Meet a Brazilian triathlete who dreams big and always finds a way to thrive
Triathlete Thiago Vinhal has an inspiring story. Though he didn’t grow up biking, he always loved sports as a kid. Now that he can claim to be one of the world’s best triathlete’s (he was top 15 at Kona in 2017), he’s passionate about paving the way for others to dream big, too.
Q: What drew you to sports in general?
Thiago: I was a very energetic child. I was crazy inside our house. When I was three years old, parents decided to register me in a swim class. I remember my first class so well. Kicking so much, the look of the water, floating. It made me feel so, so good. I was spending my energy and I loved the feeling of jumping in the water. Then I started to get better. I kept swimming and I loved being around everyone and connecting with my friends. I am so passionate about how sport can change someone’s life. For me, it opened doors for everything.
Q: Cycling is the final tri sport that you picked up. Why did you decided to cycle?
Thiago: When I was 17 years old, that was the year. I was working as a model. I was swimming and running at the time–not for top performance but just because I liked to do the sports. The boss from the model agency said: you need to have a six-pack. Indoor biking was my tool for getting a six-pack. I needed to do more aerobic exercise. I started biking and swimming more and after three months, I realized that I was basically training for a triathlon. I thought, let me check this out, I think there is a sport that mixes these three.
Q: What was your first bike like?
Thiago: My first bike cost $35 or $40. I was counting coins to buy the bike. It was a very simple bike, a ten-speed, that was very old. I fell in love with that bike, it was white and aluminum. The wheels were a little high profile. I remember my first ride. I didn’t have cycling shoes, and the pedals were flat with a cage. I rode the bike in a street by my home and a lot of these guys commuting to construction work with normal clothes and wearing backpacks were passing me. I thought: oh my gosh, I’m so bad. I started going on group rides and then the triathlon guys said: you cannot use this bike. They lent me a better bike and helped me find cycling shoes, shorts, and a helmet.
I am glad that triathlon finishes with the run because I loved running and I was already good at it. That gave me hope since I obviously needed to improve at cycling. I just kept training and had the idea that when I put my feet on the floor I will catch them. Other people had so much experience on the bike. I needed to be patient. Every single ride I got better. It was just a matter of patience.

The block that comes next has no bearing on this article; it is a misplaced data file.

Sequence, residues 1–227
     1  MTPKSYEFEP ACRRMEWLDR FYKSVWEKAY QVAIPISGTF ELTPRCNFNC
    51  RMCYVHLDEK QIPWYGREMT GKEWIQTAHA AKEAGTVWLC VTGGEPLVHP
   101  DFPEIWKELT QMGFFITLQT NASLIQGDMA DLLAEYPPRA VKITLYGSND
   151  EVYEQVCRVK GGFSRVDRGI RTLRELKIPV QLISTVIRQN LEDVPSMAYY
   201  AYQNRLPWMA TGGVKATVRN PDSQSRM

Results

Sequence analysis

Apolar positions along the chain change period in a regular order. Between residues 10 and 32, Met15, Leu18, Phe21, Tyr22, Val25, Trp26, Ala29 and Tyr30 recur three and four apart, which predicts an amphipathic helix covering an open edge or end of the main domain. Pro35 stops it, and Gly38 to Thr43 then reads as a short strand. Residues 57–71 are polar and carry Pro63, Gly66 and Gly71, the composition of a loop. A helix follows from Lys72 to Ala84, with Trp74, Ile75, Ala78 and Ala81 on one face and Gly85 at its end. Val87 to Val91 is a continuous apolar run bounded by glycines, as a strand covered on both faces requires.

Every one of us has a very beautiful story. You need to learn how to tell it for people in a soft, motivational way, as a positive story. Then they start to dream with you.
Q: How did you go from a $40 bike to an Ironman contender?
Thiago: I started training with a coach and he told me: you have the potential to go to Kona, to be top 15 in world. I didn’t have a top bike at the time. So I went to the bank, borrowed money in 2016 and I went to talk with the guys at the Trek store. I bought the bike and this was a really strong moment of change for me. After that I was like, this is it, now I go hard. Then I made the jump to the next level. Before that I was training, training, training, but if you don’t have the best equipment it is a problem.
Q: What was your breakthrough moment in racing?
Thiago: If your dream is to go to Kona, you need to be a contender, not just dreaming. You need to make the best decisions during the race. Not just follow the training and nutrition, recovery, and sleeping plan. With my coach, I worked through how to make decisions. I pushed more and put more focus on biking and I got fifth place at Ironman Brazil, my best time at that point. I went to Kona 2017 and 2018. In 2017 with my Trek Speed Concept, I got 13th place. At that race I was the fastest Brazilian and the first Black pro to race Kona.
Q: What entrepreneurial skills have you found important as a triathlete?
Thiago: I need to be a very good communicator and explain what an Ironman is quickly to people who don’t already know but would be inspired by the idea. I need to be good on social media, and tell my story in a compelling way and quickly. I knew I would need to build my own way. My native language is Portuguese and I had to learn to speak English and Spanish. I had to learn a little bit about the triathlon market and also to be an interesting dinner guest. Every one of us has a very beautiful story. You need to learn how to tell it for people in a soft, motivational way, as a positive story. Then they start to dream with you.
Q: How are you helping other young Brazilians of color connect with tri as a sport?
Thiago: Colors in Kona. It is a program for young Black kids in Brazilian favelas. If the kids do swim training, run training, and get good grades in school, I pay for food for their family. It is a food pack with staples for the whole family to eat. I want them to look at my history, look at Kona, look at what they can do. Even if they aren’t doing well now. We are losing so, so many to the drug cartels. Triathlon can be one more thing that they dream about doing instead. I just want them to have a dream, to dream something and not feel limited. Every person who buys a “Colors in Kona” hat supports the program. For each cap, I can give food for an entire family. I was able to support 70 families for last three years. When they look at me, they can see themselves. Imagine if I take my Swedish triathlete friend as their role model, blond, blue eyes, he looks like a prince to them. They think “I can never be like this.” So, I need to use myself as their role model. If I had a Black guy I could’ve looked up to in triathlon like Michael Jordan or Tiger Woods, I could’ve used that as motivation.